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Report: Cold Water And Cast-Iron Pipes Main Factors In Tulsa's Winter Storm Water Crisis

City of Tulsa

Cold water, not freezing ground, was one of two major factors in hundreds of water line breaks across the City of Tulsa during February’s winter storms.

City Asset Manager Joan Gausvik told the Tulsa Metropolitan Utility Authority on Wednesday the other factor was pipe material.

"About 50% of our pipe system is cast iron … there were failures in other materials, but cast iron is probably 80% of the failures in this event," Gausvik said.

Water starts expanding when it gets below 39 degrees Fahrenheit. Gausvik said reservoir water coming from city treatment plants stayed above freezing but below 39 degrees for several days, increasing the pressure inside water mains getting more brittle in the same temperatures.

"You know, as long as we are still operating cast-iron water lines, we will have a risk form a cold-water event. … There are some communities that maybe switched to groundwater or do something to try to warm up their distribution system water, but we do not have any way to remediate a cold-water event," Gausvik said.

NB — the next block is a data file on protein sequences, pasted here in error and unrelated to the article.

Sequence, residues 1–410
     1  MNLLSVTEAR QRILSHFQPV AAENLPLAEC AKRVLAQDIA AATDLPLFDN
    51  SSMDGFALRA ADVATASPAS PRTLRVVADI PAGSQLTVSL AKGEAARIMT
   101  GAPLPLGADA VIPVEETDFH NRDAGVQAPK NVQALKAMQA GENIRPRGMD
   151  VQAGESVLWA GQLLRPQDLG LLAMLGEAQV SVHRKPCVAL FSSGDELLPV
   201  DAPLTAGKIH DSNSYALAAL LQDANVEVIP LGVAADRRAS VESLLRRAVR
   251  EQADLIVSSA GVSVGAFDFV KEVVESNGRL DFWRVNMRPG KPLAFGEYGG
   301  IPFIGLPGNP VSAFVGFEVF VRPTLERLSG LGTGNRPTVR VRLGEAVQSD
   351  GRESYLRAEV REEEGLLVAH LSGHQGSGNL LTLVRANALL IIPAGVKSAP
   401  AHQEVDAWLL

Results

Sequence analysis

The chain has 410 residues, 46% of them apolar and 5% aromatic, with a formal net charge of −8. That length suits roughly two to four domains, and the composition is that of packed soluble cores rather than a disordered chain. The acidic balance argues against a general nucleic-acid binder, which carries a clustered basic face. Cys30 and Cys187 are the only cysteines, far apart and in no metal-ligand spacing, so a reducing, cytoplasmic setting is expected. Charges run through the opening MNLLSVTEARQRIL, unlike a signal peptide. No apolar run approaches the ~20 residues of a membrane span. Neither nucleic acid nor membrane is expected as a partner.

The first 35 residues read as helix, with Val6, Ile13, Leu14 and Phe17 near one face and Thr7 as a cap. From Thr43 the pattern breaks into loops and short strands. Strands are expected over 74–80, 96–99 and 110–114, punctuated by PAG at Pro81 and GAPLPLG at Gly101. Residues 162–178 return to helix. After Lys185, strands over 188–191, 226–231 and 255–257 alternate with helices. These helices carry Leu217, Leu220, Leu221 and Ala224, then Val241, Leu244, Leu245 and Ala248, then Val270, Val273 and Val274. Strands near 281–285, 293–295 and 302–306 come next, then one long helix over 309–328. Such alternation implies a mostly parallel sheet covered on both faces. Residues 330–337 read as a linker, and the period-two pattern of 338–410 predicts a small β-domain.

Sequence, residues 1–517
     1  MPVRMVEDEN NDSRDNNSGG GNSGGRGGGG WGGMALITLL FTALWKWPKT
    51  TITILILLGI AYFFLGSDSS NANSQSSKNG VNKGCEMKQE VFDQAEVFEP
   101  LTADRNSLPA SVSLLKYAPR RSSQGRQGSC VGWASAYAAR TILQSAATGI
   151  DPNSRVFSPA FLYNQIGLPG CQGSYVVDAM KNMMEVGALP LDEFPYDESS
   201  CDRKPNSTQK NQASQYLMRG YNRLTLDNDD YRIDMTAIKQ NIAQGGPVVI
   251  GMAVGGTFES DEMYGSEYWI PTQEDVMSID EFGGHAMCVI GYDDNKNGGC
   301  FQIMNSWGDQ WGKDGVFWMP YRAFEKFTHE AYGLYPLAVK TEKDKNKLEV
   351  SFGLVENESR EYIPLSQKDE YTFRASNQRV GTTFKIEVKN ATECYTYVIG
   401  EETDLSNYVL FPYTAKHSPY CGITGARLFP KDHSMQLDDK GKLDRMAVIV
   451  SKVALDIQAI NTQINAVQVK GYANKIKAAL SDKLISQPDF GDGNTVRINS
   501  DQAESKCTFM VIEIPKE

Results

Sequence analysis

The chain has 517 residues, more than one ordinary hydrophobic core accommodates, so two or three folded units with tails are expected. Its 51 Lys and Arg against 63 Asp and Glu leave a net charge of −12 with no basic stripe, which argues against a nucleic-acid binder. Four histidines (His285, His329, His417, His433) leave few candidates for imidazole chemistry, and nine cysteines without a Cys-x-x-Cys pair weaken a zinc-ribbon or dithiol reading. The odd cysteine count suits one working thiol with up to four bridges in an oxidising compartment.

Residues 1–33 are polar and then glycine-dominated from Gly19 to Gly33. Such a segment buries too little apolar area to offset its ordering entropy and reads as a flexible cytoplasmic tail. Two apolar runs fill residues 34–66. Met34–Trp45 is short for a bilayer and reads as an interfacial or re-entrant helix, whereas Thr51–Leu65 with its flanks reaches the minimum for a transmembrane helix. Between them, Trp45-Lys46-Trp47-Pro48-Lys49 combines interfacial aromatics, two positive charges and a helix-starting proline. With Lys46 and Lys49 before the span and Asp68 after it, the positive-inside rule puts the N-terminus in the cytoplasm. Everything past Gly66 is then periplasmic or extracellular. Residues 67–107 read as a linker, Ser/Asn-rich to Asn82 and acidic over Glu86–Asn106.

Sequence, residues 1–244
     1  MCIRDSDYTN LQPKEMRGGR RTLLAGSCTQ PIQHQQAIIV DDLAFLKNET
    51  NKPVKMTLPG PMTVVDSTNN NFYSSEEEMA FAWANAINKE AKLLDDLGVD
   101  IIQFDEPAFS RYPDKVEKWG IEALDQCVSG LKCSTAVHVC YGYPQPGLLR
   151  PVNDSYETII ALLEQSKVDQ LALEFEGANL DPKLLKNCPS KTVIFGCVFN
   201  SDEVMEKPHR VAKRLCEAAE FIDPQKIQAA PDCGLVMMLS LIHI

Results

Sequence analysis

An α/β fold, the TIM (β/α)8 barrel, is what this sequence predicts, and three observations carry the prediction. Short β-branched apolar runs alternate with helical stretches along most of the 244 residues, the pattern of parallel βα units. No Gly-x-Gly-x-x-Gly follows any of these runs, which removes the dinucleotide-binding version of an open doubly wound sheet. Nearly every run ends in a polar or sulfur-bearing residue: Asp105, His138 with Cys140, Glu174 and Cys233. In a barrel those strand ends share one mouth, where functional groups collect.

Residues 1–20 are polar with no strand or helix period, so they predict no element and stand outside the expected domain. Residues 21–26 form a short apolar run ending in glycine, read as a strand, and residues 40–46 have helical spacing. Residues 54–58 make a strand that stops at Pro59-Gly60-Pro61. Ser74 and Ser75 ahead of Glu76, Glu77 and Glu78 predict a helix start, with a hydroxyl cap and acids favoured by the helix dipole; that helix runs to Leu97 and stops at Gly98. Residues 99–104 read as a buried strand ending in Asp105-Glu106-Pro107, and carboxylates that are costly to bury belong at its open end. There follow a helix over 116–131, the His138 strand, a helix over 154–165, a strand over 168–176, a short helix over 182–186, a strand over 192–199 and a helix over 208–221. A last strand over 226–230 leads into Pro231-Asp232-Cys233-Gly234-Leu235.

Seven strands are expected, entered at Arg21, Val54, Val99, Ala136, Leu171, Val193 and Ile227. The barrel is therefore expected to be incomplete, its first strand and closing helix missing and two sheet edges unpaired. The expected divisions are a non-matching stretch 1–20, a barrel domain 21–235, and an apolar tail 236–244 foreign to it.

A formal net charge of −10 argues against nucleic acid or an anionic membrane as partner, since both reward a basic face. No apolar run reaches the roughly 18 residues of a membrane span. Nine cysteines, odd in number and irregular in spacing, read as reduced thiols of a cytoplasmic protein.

The city had 450 water line breaks from Feb. 8 through March 4, and there were even more private line breaks. Many of those went undetected for extended periods because they were at unoccupied businesses.

Nearly 5,600 customers lost water during that timespan, most for more than 24 hours. Between municipal and private line breaks, water demand during the winter storm surpassed summer maximums.

The city also faced conditions that compounded the strain on its water system, including impassable roads to facilities, frozen equipment and a tunnel that brings water from Lake Spavinaw being shut down for scheduled maintenance.

The city is still determining what it spent on emergency water system repairs so it can submit a reimbursement request to the Federal Emergency Management Agency. The latest total estimate is $1.9 million.

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